Conventional Meters used to read only one parameter – either Current or Voltage or Power Factor (essentially phase angle). Fundamentals of Current measurement, voltage measurement and PF measurement lead to the invention of “Energy Meters”. After Electricity got commercialised in 1880, DC Energy Meters were introduced into the market in 1888 by General Electric Company. Later in 1894, AC Energy Meters were introduced by the Westinghouse Electric Company. The largest source of long-term errors in the meter is a drift in the preamp, followed by the precision of the voltage reference. Both of these vary with temperature as well and vary wildly because most meters are outdoors. Such characteristic and meter design pushed for the need of more efficient Electronic Meters (essentially solid state).

Today, metering and instrumentation have evolved to a great extent. Meter standards, accuracy, error logs, data logs, relay tripping – all such functionalities have been embedded meticulously.

What all different kinds of purposes do the Energy Meters serve?

  • Energy accounting
    • Electricity bill reconciliation
      • Demand
      • Total Energy consumption
      • Power factor
    • Specific Energy Consumption
  • Network performance
    • Network loss calculations
    • Phase balancing
    • Feeder loading
  • Asset performances
    • Asset-level energy consumption benchmarking
    • Trend-line for seasonality impact
    • Trend-line for production impact
    • Asset up time
    • Asset maintenance

 

 

 

Energy Meters are meant to read various electrical parameters (RMS values) such as

  • Voltage (L-L and L-N)
  • Current (Phase-wise)
  • Power (Phase-wise KW, KVA & KVAr)
  • Maximum Demand (KW & KVA)
  • Energy (Import/Export KWh, KVAh & KVARh)
  • Power Factor (both Leading and Lagging)
  • Frequency
  • Phase Angle
  • Harmonics (Individual and Total Harmonic Distortion)

Further to above, they can also read below parameters:

  • Load ON/OFF Hours
  • Power ON/OFF Hours

Below are configurable inputs to the Energy Meters:

  • CT Ratio
  • PT Ratio
  • Baud Rate
  • Parity
  • Meter ID

 

So, how do we connect these meters?

 

 

Brief note on Multifunction Meters (Panel Meters)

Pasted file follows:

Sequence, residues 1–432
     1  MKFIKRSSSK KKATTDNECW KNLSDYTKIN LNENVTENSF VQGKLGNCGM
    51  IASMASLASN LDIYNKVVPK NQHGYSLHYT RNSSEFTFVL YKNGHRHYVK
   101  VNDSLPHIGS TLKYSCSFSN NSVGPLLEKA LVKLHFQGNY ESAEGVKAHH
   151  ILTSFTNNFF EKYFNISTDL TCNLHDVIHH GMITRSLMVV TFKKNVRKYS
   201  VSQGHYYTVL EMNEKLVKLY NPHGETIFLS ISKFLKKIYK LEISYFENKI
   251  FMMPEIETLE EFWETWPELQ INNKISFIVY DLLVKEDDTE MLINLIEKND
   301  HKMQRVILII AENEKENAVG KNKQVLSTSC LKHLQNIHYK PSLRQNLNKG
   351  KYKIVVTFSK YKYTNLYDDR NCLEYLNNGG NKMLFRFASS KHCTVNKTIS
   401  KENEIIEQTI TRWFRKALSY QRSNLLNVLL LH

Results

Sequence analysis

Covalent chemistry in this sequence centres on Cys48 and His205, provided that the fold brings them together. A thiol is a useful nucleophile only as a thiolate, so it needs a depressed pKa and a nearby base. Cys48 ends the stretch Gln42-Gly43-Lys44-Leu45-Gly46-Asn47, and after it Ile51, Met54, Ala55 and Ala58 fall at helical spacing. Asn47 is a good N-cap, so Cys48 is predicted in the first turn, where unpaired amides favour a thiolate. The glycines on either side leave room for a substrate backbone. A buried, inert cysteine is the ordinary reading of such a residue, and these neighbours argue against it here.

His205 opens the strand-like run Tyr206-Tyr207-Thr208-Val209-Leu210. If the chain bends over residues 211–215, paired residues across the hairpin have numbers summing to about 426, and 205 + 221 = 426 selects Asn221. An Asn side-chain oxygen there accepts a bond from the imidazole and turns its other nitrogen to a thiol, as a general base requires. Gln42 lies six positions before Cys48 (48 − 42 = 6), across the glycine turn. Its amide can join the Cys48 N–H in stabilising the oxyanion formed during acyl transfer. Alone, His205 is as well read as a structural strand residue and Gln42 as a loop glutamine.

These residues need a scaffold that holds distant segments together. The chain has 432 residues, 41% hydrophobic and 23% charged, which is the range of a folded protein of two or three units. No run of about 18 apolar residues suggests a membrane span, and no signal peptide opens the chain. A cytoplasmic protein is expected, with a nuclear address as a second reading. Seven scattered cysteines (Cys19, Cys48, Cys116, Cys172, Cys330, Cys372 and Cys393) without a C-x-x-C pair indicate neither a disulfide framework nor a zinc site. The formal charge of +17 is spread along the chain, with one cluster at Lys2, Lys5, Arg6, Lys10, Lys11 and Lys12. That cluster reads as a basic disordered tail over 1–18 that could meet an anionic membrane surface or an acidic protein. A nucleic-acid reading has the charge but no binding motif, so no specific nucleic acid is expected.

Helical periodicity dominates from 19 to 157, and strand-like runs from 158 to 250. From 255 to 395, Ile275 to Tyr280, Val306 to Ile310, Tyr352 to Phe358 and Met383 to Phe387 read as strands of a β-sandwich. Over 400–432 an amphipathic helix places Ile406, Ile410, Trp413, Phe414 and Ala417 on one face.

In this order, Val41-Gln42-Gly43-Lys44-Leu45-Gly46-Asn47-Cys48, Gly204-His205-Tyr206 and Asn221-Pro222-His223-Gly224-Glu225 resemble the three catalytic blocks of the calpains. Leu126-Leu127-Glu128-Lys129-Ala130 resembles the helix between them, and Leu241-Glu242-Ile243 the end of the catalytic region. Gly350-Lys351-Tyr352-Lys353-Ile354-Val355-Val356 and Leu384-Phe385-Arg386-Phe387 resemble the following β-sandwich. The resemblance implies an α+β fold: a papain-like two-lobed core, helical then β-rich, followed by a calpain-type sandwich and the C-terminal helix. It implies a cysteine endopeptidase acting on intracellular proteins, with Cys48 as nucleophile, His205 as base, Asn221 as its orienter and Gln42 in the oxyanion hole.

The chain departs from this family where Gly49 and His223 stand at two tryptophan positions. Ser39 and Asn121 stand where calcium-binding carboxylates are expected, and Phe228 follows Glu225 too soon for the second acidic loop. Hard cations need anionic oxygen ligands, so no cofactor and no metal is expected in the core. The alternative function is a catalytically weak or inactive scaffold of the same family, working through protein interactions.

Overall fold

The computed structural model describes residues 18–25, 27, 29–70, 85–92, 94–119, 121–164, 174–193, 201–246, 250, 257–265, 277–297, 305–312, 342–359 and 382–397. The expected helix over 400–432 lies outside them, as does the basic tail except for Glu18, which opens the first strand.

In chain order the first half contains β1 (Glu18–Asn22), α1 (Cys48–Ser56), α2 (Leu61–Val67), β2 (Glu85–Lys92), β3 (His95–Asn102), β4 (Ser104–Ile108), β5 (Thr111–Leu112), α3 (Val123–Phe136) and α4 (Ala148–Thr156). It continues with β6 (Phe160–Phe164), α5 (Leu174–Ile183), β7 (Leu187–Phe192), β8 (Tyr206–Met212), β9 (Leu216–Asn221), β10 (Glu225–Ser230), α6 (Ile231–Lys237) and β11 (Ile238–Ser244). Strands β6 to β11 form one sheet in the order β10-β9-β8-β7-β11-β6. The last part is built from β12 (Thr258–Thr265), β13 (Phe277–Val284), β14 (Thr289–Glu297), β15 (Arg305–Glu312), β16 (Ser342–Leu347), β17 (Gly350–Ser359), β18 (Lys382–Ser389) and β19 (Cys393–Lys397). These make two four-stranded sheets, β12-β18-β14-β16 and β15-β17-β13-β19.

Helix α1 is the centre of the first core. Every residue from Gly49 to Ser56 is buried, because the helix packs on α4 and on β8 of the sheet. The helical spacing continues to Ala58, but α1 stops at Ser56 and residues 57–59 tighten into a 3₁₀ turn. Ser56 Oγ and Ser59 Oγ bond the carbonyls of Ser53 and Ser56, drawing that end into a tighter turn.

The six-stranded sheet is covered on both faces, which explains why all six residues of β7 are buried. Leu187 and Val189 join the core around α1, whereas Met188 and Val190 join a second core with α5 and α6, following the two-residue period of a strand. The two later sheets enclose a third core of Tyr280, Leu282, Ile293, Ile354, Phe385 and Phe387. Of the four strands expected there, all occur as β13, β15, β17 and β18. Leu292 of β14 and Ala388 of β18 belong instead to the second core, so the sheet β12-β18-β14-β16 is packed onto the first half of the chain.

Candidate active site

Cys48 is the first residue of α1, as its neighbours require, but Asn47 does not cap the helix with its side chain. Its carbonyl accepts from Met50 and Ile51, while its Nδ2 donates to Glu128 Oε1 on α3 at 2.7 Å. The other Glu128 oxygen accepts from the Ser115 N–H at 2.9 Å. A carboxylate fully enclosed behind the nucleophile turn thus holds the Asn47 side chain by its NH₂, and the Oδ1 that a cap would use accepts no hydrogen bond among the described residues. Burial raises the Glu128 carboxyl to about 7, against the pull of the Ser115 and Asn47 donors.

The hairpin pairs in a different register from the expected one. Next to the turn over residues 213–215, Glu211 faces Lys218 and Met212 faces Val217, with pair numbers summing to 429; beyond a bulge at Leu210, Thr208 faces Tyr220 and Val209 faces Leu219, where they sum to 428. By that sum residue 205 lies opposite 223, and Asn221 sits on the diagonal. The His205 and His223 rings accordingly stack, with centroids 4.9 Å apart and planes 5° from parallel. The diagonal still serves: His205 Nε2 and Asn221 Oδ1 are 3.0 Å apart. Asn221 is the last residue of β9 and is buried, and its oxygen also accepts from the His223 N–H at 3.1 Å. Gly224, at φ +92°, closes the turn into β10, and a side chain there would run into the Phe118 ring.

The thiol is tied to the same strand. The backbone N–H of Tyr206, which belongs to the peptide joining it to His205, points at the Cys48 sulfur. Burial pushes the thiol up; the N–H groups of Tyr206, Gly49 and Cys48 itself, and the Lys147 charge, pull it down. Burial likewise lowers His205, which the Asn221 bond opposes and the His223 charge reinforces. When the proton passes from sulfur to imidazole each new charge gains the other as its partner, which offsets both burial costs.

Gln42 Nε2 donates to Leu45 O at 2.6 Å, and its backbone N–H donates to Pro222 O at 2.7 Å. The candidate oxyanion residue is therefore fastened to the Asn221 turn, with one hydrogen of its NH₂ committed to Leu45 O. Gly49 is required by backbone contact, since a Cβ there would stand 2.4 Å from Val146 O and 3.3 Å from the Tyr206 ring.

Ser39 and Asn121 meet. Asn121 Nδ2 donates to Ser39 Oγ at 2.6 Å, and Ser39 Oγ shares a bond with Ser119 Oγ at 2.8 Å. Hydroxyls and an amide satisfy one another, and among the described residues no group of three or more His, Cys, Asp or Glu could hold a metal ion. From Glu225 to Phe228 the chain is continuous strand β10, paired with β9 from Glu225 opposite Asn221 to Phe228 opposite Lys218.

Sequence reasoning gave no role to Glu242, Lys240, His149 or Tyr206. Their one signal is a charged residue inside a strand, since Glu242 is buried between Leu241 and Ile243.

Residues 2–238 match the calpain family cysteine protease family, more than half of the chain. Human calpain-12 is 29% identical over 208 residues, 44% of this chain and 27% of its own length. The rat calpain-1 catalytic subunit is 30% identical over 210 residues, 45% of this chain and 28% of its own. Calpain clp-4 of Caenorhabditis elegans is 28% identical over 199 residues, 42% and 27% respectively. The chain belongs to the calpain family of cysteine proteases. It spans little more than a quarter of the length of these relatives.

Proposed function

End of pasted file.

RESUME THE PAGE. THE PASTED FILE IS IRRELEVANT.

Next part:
• They are generally 1-Phase, 2-wire and 3-Phase, 4-wire
  • Smaller in size
  • Easy to install in a panel
  • Do not follow any standards/guidelines for the list of reading parameters
  • Available off-the-shelf in the market
  • Cost effective
  • Available for accuracy class 1, 0.5s and 0.2s
  • They cannot read tariff data
  • They cannot store billing related data
  • Generally these meters are CT operated
  • Generally, they are either 96×96 or 48×96 in size
  • Front facia is IP 54 and terminal side is IP 20
  • Commonly, it’s burden is 3-5 VA
  • It can be operated over Auxiliary power supply of 80-300 V AC or 24-60 V DC
  • communicate over RTU ModBus protocol via RS-485 or RS-232 port

 

Brief note on Utility Meters

  • They are available in configuration of – 1-Phase, 2-wire; 3-Phase, 3-wire; and 3-Phase, 4-wire
  • Larger in size
  • Costly
  • Follows IS 15959 standards
  • Build in sync with the required parameter inclusion and guidelines by the DISCOMs
  • They can store Billing Data for 12 billing cycles
  • They are designed to provide and store tariff related data
  • It has configurable tariff slots
  • Both CT operated and whole-current meters are available
  • Communicate over ASCII or DLMS (Device Language Message Specification) protocol via RS-232 and optical reader
  • It can give a log details of the stored data

 

Meters are being instruments, they require to be calibrated periodically. Energy meters also poses complexities in terms of its microcontroller firmware that reads various electrical parameters and the board that is capable to stores a certain amount of thus read data, and in many cases command the relay for load disconnect function. Utilities/DISCOMs publish their requirements for various applications (domestic consumers, commercial consumers, industrial consumers, energy accounting, etc.). Meter manufacturers are required to adhere to these criteria.

 

Similar to Energy Meters, in the subsequent posts, we shall talk about other such assets.

 

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